One’s a saver, the other’s a spender. One would rather be at the bank; the other would rather be at the mall. How can financial advisers help couples who are money opposites? Try three stages of action.
Stage 1: Awareness
Sometimes we don’t realize the underlying money beliefs that drive our decisions. What money messages did each partner grow up with? Who in their lives influenced them when it came to handling money? What is the most important value that money helps each one achieve?
Stage 2: Communication
Now that the difference is on the table, how do conversations about it go? How well does each partner feel heard and understood? “Active listening” is a great tool to use at this point: Each one takes turn listening, mirroring, checking for understanding, and empathizing.
Stage 3: Negotiation
With enhanced understanding, the couple is better equipped to come to a mutually agreeable solution. Several years ago a couple I worked with debated whether they should be saving 10 or 20 percent of their income. Both busy, young, successful professionals, with the lower savings they could hire help at home for the house and lawn. But it was extremely important to one partner to be debt-free by age 40. After discussion, awareness, communication, and negotiation, they settled on saving 15 percent of their income, hiring some house help, and keeping their debt-free status as a goal, but not a rigid expectation.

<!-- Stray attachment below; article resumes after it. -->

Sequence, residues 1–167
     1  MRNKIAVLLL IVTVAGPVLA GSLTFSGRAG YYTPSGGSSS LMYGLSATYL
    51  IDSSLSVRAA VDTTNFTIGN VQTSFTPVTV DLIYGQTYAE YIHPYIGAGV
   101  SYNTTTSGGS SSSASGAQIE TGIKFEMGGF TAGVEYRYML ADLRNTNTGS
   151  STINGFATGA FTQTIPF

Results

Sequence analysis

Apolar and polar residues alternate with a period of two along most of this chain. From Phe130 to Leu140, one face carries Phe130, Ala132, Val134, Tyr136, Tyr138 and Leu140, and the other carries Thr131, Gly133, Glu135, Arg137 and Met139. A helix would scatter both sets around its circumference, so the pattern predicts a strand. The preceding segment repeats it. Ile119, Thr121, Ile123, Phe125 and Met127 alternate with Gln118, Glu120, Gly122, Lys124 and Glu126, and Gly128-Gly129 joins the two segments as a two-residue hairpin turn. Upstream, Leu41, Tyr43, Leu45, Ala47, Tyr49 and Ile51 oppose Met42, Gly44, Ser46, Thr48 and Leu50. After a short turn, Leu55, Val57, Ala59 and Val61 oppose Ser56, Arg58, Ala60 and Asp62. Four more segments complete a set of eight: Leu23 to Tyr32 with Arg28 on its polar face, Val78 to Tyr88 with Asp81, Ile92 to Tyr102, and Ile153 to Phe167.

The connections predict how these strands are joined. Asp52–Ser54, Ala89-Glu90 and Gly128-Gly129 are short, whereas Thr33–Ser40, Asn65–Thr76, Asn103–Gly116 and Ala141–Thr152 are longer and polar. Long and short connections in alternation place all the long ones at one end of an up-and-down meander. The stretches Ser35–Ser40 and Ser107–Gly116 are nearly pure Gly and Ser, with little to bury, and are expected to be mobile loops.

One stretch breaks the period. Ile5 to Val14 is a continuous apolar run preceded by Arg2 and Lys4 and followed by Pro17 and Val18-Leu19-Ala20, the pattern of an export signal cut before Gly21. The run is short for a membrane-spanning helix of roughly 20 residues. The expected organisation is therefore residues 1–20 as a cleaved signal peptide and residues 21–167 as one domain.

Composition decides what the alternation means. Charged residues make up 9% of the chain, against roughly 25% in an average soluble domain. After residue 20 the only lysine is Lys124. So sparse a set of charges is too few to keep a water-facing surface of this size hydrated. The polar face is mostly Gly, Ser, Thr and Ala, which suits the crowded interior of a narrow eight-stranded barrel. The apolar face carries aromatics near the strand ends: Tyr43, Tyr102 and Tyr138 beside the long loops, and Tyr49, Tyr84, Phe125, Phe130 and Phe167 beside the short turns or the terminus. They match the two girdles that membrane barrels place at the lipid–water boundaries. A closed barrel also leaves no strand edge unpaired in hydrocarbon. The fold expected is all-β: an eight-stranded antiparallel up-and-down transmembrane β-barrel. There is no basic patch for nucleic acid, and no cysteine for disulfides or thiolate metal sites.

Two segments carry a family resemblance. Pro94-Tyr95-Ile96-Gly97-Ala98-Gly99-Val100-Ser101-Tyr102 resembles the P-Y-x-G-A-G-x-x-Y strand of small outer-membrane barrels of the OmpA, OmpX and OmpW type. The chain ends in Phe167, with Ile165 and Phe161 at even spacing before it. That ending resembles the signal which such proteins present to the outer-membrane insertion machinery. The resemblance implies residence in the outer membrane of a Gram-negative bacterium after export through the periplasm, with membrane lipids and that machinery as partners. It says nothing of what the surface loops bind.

Money is the third most frequent topic of marital arguments, after chores and children. Ironing out the wrinkles between people who are money opposites by discussing their behaviors and decisions can go a long way toward reaching financial goals with peace and harmony — whether those goals be at the mall, or the bank.